1. The wealth associated with a university like Duke and a sport like lacrosse, especially given the obvious class divide between Duke-the lacrosse team/Durham-the stripper.

2. The fact that the stripper is black, the accusers are white and the alleged rape may have been racially-charged.

But I'm of the opinion that there is a third, potentially bigger factor at play in the minds if a majority of Americans

3. The fact that the lacrosse players are less than perfect athletic specimens.

This is the old "Crew, Hockey" dynamic, wherein a sport is delegitimized vis a vis other sports with significantly lower entry costs that are generally more accesible. There is no question that the rule applies to lacrosse. The majority of players, despite generously reporting their own heights, still clock in at around 6', still were middling high school football players in very middling high school football conferences, and still cannot be quantifiably compared in any favorable way with top athletes in more high-profile sports (except with regards to GPA and SAT score, I suppose).

We generally give great athletes a lot of latitude generally. Michael Jordan will be forgiven for confusing the "Louvre" with the "luge", Brett Favre's painkiller addiction can be overlooked, multiple members of the Nebraska football team will be allowed to play despite having been charged with a variety of very real crimes (not frivolous things like public urination) of which they will later be convicted . The Duke lacrosse team, contrary to what the media spin will have you believe, are not "elite athletes"; they are far from it, actually. It seems like this may make the story a little more believable in the court of public opinion.

This past week, USC Guard Ryan Francis was gunned down while at home in Louisiana. Texas Running Back Ramonce Taylor was caught with 5 lbs. of marijuana in a backpack after having been sought in connection with a large-scale brawl (he had assault charges pending when he scored a touchdown in the Rose Bowl).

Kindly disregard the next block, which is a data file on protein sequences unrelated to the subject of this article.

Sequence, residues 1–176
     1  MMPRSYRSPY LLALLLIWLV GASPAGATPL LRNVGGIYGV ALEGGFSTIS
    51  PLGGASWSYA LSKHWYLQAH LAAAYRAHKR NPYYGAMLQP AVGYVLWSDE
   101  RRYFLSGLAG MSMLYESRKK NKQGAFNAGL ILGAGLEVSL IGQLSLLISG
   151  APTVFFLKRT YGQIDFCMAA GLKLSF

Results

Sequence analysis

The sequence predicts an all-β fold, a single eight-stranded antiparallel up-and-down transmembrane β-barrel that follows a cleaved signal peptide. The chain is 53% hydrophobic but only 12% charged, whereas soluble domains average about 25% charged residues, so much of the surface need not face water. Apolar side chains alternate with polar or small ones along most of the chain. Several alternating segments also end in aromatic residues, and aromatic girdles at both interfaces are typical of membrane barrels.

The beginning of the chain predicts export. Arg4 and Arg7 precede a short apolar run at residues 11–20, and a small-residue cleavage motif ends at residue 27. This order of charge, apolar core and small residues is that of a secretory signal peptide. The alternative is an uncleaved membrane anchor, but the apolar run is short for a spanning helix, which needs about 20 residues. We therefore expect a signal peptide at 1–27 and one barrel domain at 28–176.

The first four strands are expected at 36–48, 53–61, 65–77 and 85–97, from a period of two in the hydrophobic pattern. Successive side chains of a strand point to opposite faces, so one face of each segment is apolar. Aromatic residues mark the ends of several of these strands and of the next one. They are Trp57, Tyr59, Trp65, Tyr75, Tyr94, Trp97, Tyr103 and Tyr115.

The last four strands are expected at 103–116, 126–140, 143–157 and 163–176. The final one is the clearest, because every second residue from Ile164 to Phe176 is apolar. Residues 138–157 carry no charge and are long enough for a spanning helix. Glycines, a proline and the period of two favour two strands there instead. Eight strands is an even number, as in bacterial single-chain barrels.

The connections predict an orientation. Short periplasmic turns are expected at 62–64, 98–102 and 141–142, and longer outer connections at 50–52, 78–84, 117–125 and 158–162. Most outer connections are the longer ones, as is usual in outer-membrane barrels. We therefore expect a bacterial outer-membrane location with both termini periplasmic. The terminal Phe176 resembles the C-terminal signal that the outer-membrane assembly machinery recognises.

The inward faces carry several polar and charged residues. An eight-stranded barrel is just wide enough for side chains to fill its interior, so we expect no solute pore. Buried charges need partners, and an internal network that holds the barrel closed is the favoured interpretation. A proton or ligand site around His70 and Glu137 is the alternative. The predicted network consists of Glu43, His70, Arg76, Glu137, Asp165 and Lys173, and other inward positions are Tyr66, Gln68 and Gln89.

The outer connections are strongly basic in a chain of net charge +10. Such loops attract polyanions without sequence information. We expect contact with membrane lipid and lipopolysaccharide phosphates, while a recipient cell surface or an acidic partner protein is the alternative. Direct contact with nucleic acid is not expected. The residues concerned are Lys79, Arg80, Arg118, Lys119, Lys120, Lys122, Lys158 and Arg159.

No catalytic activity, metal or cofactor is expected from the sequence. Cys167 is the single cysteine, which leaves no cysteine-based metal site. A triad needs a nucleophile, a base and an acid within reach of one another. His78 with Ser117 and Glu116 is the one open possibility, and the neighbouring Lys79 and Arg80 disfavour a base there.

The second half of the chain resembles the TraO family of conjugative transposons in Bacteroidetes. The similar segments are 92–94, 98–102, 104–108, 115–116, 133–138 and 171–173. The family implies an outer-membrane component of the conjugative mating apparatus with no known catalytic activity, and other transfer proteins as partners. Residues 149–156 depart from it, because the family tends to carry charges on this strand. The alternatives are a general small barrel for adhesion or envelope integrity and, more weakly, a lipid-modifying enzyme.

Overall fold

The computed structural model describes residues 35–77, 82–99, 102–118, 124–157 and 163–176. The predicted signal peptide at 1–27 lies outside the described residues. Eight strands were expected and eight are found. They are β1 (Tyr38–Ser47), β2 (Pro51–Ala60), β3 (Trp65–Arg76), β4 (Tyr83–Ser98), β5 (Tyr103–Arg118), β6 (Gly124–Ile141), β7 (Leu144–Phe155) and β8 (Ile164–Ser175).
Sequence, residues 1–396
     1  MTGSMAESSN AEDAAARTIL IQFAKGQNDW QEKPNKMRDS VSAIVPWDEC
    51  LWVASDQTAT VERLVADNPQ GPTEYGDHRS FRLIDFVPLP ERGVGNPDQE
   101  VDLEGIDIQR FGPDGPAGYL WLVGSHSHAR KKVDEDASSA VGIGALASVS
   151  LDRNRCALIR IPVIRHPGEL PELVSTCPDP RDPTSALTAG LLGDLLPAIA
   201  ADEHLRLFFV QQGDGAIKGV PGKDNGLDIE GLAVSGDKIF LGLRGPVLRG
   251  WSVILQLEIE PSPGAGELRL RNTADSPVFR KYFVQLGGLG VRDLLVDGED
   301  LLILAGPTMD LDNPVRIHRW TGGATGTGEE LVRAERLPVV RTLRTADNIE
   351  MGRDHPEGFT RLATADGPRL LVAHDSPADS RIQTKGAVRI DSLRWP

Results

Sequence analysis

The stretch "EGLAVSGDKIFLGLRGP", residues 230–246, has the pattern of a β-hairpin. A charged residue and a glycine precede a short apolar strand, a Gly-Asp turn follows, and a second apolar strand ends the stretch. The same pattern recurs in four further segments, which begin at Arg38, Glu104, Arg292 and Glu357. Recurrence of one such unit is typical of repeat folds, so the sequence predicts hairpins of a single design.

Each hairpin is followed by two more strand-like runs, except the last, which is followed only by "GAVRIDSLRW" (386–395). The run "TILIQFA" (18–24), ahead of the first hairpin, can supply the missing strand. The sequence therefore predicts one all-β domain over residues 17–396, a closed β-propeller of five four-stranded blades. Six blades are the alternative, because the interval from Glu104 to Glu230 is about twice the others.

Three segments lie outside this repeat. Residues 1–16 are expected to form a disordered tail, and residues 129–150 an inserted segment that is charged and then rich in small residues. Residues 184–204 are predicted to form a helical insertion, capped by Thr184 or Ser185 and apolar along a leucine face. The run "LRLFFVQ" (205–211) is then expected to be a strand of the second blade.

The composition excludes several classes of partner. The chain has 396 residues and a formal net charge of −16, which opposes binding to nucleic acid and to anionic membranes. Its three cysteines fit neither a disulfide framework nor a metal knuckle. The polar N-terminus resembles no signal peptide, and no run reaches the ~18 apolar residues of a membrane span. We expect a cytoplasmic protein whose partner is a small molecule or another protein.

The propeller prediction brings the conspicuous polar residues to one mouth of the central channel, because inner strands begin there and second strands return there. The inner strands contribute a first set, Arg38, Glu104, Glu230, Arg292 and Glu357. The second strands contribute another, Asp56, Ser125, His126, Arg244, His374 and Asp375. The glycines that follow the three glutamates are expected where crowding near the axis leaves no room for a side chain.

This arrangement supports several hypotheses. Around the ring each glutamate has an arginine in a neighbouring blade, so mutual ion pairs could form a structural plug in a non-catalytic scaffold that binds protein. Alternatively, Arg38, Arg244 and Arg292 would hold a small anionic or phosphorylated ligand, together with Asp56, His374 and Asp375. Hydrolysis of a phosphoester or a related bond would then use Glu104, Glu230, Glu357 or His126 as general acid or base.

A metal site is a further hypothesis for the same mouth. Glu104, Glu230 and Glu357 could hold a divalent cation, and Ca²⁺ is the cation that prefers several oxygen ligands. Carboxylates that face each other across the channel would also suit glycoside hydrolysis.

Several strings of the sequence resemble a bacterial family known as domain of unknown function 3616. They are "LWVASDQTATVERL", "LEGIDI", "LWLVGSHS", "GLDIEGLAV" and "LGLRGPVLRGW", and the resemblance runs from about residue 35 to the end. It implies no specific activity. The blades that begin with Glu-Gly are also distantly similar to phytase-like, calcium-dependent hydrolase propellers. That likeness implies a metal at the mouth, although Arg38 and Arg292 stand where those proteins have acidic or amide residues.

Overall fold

I think the total paucity of supporting evidence for the stripper's allegations will carry the day, but it's something to think about.  

By Anonymous Anonymous, at Tue May 16, 06:05:00 PM:

There is an insanity in many black communities that says that any way you can get back at "whitey" is okay. Any way at all. The Envy factor also plays larger in this case due to the wealth disparity between institutions attended by the stripper, and the players.

The DA is acting very much like a race baiting opportunist, playing his electorate the way he knows they want to be played, to get himself re-elected. So far, DNA evidence is negative, and at least one of the accused has an ironclad alibi.

The reports filed so far on the stripper and her friend don't lend any conficence in their story. Calling lacrosse players "bad guys" is infantile generalization. Like calling everybody who doubts the complaints of a black plaintiff "racist."  

By Anonymous Anonymous, at Wed May 17, 11:11:00 AM:

A couple of comments.

First, despite my best efforts to get my sons to play baseball, the sport I love most, my two oldest became lacrosse players -- even worse, lacrosse goalies. The oldest was a four year varsity player in high school, the next is the starter for his school's varsity as a sophomore, so they are not bad players. It is a great sport. The athletes involved are as dedicated as in any other sport and have pretty much the same makeup as athletes in other sports -- some are leaders, some are multi-faceted kids, some are obnoxious jocks, some are bright, some are not, most are a combination. I don't think that Scurvyoaks should worry if his 12 year-old decides to play. Lacrosse has been a good experience for my guys, who also play other sports competitively.

Also, Anonymous 1, I would challenge the assumption that lacrosse players are less than perfect specimens compared to those in other sports, unless you mean that you have to be 6' 4" to be an elite athlete. Lacrosse midfielders are in better shape and need a larger variety of skills -- speed, stamina, strength, hand-eye coordination -- than almost any athletes I can name.

I had forgotten that the BB guys were lacrosse players.